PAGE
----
Byte: The New Vine


Enoch Orozco

TestFlight was the only way to access Byte during the closed beta phase from April 2019 to January 2020 (Photo courtesy of Enoch Orozco).

Vine was the defining social media outlet for the Millenial and Gen X generations from its start to the inevitable shut down in January 2017. Featuring seven-second videos uploaded by whoever desired, the app satisfied the extremely small attention span coined by these generations. During its Golden Age there was a complete renovation of humor that carries on to this day.

“Vines always made me laugh, even if I didn’t understand them,” said junior Natalie DeRosa. 

The app became a hive mind where every kid in your middle school or high school class was reciting these short videos word for word. Even if you hadn’t seen one or didn’t understand the joke, you would hop on the bandwagon and laugh along with everyone else. However, the app did not have a very long lifespan. Shutting down Vine left a large gap in social media for about 3 years until January of 2020, with the public announcement of a “new Vine”, simply titled Byte. Byte is essentially a copy of Vine, featuring almost identical features and the coined “seven-second videos.” 

Byte had been in production since early 2018. Like most things, the app needed to go through a closed beta testing phase where access is extremely limited in order to work through any bugs or security issues. I was lucky enough to be one of the few invited to the closed beta, which started in April 2019. I received my invitation through one of my friends, Carson Tate, who was more closely involved in the beta process. I was able to reach out to him to talk about the beta process and the app itself.

Tate explained the process of beta testing, and in simplified terms, there were a few waves where they gradually introduced more and more people and features. “After a month they did the second wave of people… I was one of those people and that’s when they introduced the camera roll feature,” says Tate. He continued to explain how the beta grew from 100 people in stage one to 4,000 in the final stages of the beta. “The beta was fun to test out because I already knew all the people on the beta from the forums and the discord so it was kinda like a huge group chat of just entertaining videos,” Tate added. In conclusion, the entire beta was a lot of fun and sparked an entire community surrounding the app.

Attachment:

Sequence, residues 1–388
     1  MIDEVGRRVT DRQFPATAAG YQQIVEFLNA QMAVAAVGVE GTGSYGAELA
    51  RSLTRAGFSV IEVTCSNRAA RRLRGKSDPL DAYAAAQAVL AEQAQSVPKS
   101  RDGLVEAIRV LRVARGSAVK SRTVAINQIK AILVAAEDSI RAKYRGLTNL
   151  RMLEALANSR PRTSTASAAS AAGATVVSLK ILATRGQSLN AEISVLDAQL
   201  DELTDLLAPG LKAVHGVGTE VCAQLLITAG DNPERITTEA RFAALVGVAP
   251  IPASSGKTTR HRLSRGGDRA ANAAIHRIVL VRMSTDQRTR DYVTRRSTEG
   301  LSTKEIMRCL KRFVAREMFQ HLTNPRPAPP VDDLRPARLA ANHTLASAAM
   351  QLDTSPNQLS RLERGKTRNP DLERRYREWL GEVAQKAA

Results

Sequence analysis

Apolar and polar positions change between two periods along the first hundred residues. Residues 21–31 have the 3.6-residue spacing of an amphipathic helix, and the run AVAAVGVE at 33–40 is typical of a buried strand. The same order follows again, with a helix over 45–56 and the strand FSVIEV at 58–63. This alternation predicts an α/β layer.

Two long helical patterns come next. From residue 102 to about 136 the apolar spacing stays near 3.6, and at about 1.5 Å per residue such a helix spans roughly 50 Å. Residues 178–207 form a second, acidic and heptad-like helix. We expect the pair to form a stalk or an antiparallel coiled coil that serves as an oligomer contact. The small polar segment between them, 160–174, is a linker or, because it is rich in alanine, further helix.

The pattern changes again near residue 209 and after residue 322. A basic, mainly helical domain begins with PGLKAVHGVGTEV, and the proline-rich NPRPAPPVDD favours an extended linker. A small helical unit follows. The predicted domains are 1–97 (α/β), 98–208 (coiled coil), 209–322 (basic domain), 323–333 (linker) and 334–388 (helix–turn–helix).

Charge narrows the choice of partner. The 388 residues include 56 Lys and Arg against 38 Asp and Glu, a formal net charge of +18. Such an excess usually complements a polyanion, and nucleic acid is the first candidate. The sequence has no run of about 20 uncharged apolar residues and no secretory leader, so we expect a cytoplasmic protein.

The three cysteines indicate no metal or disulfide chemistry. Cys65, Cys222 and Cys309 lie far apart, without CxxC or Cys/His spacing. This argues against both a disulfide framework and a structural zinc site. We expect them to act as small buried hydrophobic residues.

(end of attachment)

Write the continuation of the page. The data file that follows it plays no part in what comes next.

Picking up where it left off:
However, the app is still very new and not many people know or care about it. The general consensus of those who have not given it a chance is that Vine had run its course and Byte couldn’t hold a candle to it. Either that or they have no clue Byte even exists.

“What is Byte? I’ve never even heard of that,” said junior Christian Malave. . 

It has only been a month since its release, but the following surrounding Byte has been slow, to say the least. There is the potential the criticizers are right, and Byte really stands no chance of holding up as a social media outlet. With the extreme popularity of other social media platforms such as TikTok and Snapchat, introducing something new is not an easy task. TikTok is already known for satisfying our generation’s short attention span, which makes introducing Byte an even more difficult task. 

However, Byte does have a shot. Many of the “influencers” of the Vine era have moved to explore the new outlet. The return of what were once called “Viners” could be the start of a social media resurgence for the now older generation of young adults. Along with these influencers, many figures from other platforms, such as YouTube, have extended their outreach to Byte. 

Considering everything, Byte has a very promising future assuming it receives the proper advertising a reception from the community. As of right now, searching Vine on the App Store has Byte as the top result. The seven-second video feature promises satisfaction of a short attention span, and the community has already done some very creative things with it. Hopefully, Byte will blow up and we will get a resurgence of the “Vine Days.”